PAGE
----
Stately, comfortable ― and occasionally, a ‘Matrix’ momentAt a glance, the new BMW 530i is like a sharp-dressed man.
His stately presence is hard not to notice on streets full of lower, skinnier, less polished cars. The golden upper segments of the headlights, which function as blinkers, look like the sharp eyebrows of a fastidious, sophisticated gentleman who understands that his immaculate suit must come with the finest silk lining.
With the gentle push of a button on the remote-control key, this sedan silently prepares your way, not only with an unlocked door but with a warm, welcoming glow inside. The interior, with cream beige carpeting, lining and leather and a glossy mahogany finish, is designed with a lot of room. The design of the dashboard, door panels and seats suggests waves in motion, as though this were the control room of an ocean liner.
The front seats, which look like ergonomically sculpted leather armchairs, are science put to work, optimizing comfort for every human curve. The control board to the side of each chair is full of levers and buttons. To snugly fit any body, each segment of the leather-bound seat can slide up or down, stretch forward or lean backward, with impressively smooth adjustments. When the chair moves, so do the side mirrors, readjusting the driver’s view. What could be more convenient?
The BMW 530i, which was officially unveiled in Korea last month, is part of the new BMW 5 Series imported to Korea. Following in the wake of the 7 Series, the 5 Series boasts a feature called an “iDrive” controller. Featuring a 6.5-inch-wide color monitor in the dashboard, the system is controlled either by small buttons on the steering wheel or by a single toggle above the spacious console area between driver and passenger.
With a push or turn, the monitor switches from Entertainment to Climate to Communication to Navigation. Entertainment means a choice between AM and FM radio and CDs (a 7-CD changer); you can set your favorite speaker mode. The Communication and Navigation features are not available in Korea, but Climate at least can help you decide the exact flow and temperature of the air inside, as well as how much you’d like your seats warmed.
The sunroof overhead is double-layered, automatic and multi-functional. The outer glass panel lets the natural light in; the inner panel can minimize noise. I can adjust how I want the roof to be open ― all the way, halfway or open at an angle.
Once inside, I rest in my customized armchair, breathing personally optimized air at exactly 22 degrees centigrade (72 degrees Fahrenheit) and listen to Mary J. Blige all day. This is a comfort zone to which neither words nor photographs can do justice.
On the road, this BMW 530i ― with six-speed Steptronic automatic transmission ― is smooth. The small shark’s tail on the rear roof perhaps suggests that the car was designed for a gliding experience, as though on the surface of a body of water.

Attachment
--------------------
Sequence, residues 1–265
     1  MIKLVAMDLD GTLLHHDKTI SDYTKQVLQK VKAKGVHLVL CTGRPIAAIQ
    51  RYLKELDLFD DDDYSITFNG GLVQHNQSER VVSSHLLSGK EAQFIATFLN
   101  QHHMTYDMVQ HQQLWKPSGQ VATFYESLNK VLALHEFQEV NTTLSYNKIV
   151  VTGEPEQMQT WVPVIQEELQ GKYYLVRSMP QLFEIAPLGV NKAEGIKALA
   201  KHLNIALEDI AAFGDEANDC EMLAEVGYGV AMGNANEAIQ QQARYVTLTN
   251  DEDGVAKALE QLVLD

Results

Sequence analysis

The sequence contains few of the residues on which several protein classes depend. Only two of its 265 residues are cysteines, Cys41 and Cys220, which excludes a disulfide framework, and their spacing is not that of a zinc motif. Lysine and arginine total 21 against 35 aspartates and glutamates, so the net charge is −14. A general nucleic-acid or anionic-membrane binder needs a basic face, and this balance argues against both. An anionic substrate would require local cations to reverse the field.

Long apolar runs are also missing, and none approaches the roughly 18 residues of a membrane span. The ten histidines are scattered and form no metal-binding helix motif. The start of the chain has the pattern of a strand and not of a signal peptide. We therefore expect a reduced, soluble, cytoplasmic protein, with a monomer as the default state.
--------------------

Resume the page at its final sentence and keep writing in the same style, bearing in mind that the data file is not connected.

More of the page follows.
Both accelerator and brake are pleasantly soft and smooth, as if they weren’t even there. On the usually bumpy streets of Seoul, I experience a relatively smooth ride.
According to a BMW Korea representative, the 530i boasts 231 horsepower and a maximum speed of 250 kmh (155 mph), and it can reach 100 kmh in 6.9 seconds. So I floor it on the reasonably busy highway, to see how it works.
Then something unbelievable happens: The RPM needle bounces to 6,000, and I see myself shoot forward like a bullet. The rest of the world ― taxis to my left, small Korean sedans to my right ― is suctioned backward, except for me, my car and the empty road ahead. Wow ― have I ever experienced a “Matrix” moment in reality?
I’m hooked. After a while, I realize that the average speed of my driving is 90 kmh in the city, 140 kmh on highways. I’m annoyed that there are so many speed control cameras in the city. I also realize that this car makes me less self-conscious than some flashier vehicles do; I am constantly devoting attention to what I can do with the car’s toy-like functions, rather than to whatever reaction the car’s getting outside.
Parking this relatively large sedan is made surprisingly easy with the help of sensors at all four corners of the car. When the car enters a parking mode, the iDrive monitor displays a diagram of the car and the distance from any objects nearby. Three color bars, in green, yellow and red, let me know when to go or to stop. Red with a beeping noise, for instance, means the car is very close ― within about 30 centimeters (12 inches) ― to a wall or another car, though the system can’t sense pedestrians or animals. (Speaking of safety, airbags are everywhere inside: in the door panel, in the dashboard, in the frame of the windshield and in the steering wheel.) For parking, this is very handy, but mastering the details of this somewhat complex iDrive system might take a while, and certainly it isn’t something you’d want to learn while driving.
With such technology, though, one can envision that the accident-free utopia of the future might come to pass. Right now, the car can only sense inanimate objects when parking, but such a personally customized, artificially intelligent machine might one day be able to show us not only how to get to where we’re going, but also how to avoid danger on the way.
The price of the BMW 530i is 88.5 million won (about $73,000) in Korea.
by Ines Cho
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